History of ultrasound research at Wisconsin

Advancements in Quantitative Ultrasound: A Scientific Odyssey

Within the academic corridors of the University of Wisconsin, physicist Jim Zagzebski embarked on a rigorous exploration. His mission: to unravel the intricate physics and practical applications of medical ultrasound. Armed with a Bachelor’s degree in physics from St. Mary’s College, Jim delved into uncharted territory. Little did he know that this scientific pilgrimage would significantly impact diagnostic imaging.

Ernie Madsen, joined Jim’s quest.  Together, they forged a path through the complexities of “ultrasound tissue characterization.” Their research spanned dimensions—scattering properties, system performance evaluation, and the complex physics of acoustic scattering.

Graduate students Mitch Goodsitt, Farhad Jafari, and Tom Burke meticulously validated JJ Faran’s scattering theory for solid spheres. Their experiments with stainless steel spheres laid the groundwork for understanding how ultrasound interacts with biological tissues. Bill Davros extended their exploration to spatially distributed glass spheres, while Mike Insana delved into the intricacies of backscatter phenomena.

Tim Hall, an architect of precision, stepped onto the stage. His mission: to bridge the gap between narrowband and broadband pulse-echo systems to fully characterize backscatter from tissue. Evan Boote adapted Tim’s work for clinical imaging systems, bridging theory and practical implementation.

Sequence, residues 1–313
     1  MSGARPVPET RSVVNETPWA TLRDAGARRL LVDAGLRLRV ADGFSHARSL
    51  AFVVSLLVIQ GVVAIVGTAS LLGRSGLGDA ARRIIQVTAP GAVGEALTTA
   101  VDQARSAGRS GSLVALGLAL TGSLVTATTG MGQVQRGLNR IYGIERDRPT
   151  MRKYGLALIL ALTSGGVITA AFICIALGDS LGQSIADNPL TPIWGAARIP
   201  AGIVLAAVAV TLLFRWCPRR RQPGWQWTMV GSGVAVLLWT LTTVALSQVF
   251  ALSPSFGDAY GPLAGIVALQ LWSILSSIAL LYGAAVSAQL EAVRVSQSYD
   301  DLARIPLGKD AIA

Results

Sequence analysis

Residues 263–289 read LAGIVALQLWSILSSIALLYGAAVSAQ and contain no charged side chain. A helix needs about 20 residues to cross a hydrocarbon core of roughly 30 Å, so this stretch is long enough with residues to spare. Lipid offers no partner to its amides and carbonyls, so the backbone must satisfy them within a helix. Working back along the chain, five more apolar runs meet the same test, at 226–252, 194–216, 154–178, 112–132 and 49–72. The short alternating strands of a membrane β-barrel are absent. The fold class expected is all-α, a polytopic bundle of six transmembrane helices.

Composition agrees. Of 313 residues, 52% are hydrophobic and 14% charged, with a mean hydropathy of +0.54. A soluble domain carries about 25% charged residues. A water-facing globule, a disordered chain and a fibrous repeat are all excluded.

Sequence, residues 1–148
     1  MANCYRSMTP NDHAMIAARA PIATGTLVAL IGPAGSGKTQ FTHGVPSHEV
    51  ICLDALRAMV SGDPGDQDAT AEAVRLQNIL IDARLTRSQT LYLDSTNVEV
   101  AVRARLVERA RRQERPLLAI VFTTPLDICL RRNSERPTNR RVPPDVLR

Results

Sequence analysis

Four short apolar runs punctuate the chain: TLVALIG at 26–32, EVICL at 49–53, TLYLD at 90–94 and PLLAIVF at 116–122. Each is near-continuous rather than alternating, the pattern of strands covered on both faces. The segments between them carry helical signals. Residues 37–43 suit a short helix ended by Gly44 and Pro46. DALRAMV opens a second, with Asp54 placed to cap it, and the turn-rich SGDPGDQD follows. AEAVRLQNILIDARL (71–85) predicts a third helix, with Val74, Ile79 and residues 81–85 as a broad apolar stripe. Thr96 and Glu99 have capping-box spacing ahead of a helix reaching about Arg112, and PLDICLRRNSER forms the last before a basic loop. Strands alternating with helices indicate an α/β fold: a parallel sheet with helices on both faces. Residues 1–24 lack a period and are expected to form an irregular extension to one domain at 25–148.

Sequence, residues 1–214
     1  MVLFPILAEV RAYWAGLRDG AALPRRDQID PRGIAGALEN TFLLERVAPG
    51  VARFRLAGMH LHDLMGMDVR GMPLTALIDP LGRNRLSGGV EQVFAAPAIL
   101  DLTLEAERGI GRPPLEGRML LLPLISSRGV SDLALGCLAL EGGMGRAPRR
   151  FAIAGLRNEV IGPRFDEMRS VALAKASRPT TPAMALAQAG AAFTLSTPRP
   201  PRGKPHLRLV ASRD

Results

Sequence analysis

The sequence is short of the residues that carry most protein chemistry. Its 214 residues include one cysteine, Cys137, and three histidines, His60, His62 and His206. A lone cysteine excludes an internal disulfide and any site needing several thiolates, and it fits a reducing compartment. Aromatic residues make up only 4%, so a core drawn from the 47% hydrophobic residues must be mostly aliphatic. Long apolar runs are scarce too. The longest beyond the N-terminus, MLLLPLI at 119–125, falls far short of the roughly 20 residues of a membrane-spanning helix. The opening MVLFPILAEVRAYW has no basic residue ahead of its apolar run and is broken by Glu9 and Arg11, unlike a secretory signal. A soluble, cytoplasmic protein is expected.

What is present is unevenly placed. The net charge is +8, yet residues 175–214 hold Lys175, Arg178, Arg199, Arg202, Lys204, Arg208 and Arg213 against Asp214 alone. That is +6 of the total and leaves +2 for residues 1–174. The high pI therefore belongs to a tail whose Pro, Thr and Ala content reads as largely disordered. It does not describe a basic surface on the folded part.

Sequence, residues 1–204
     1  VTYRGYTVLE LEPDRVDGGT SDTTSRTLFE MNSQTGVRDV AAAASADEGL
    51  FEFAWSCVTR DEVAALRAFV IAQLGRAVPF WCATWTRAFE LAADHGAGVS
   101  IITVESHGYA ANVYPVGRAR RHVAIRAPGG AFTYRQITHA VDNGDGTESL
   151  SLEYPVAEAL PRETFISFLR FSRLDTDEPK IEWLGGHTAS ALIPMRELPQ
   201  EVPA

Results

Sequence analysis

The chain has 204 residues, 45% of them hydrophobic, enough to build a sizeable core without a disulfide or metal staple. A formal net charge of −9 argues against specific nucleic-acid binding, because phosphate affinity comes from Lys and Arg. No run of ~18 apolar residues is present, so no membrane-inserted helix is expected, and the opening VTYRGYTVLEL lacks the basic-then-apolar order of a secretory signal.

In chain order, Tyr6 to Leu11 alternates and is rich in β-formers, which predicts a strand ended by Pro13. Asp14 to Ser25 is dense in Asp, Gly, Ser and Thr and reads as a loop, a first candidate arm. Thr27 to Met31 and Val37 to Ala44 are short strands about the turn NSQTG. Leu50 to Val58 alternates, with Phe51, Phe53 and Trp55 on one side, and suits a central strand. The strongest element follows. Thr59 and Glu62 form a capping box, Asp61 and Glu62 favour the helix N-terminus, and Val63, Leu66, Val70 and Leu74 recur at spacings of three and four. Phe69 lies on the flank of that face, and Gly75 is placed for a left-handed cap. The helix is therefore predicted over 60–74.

Lin Xin Yao, an astute researcher, recognized the limitations of existing approaches to be implemented in clinical scanners. He introduced the “reference phantom method,” a pragmatic solution allowing simultaneous estimation of broadband attenuation coefficients and backscatter coefficients. The clinical community welcomed this method: it is the basis of several commercial implementations of quantitative ultrasound.

Ernie and Gary Frank orchestrated an interlaboratory comparison of ultrasound tissue characterization methods. Backscatter, attenuation, and speed danced across research groups. Some methods stood firm, while others faltered. The stage was set—a call for reliable techniques echoed through the scientific community.

Tim Hall, now a seasoned investigator, collaborated with Mike Insana at the Radiology Department of the University of Kansas Medical Center. Their quest led them to explore the “effective scatterer diameter,” a metric revealed through the frequency dependence of acoustic scattering. Additionally, they contributed to early developments in strain elastography imaging methods. Hall later joined the UW-Madison Department of Medical Physics in 2003, where he founded and led the Quantitative Ultrasound Lab.

And so, the echoes reverberate—a symphony of waves, a canvas of tissues, and the promise of deeper understanding.

Credits

Text and figures provided by Jim Zagzebski and Tim Hall, with a little help of Microsoft Copilot (April 14, 2024).

This website is a live historical record that will benefit from input from the community. If you have stories, figures, and/or photos related to the history of ultrasound research in the Departments of Medical Physics and Radiology at UW-Madison that you’d like to share, please reach out to Ivan Rosado-Mendez at rosadomendez@wisc.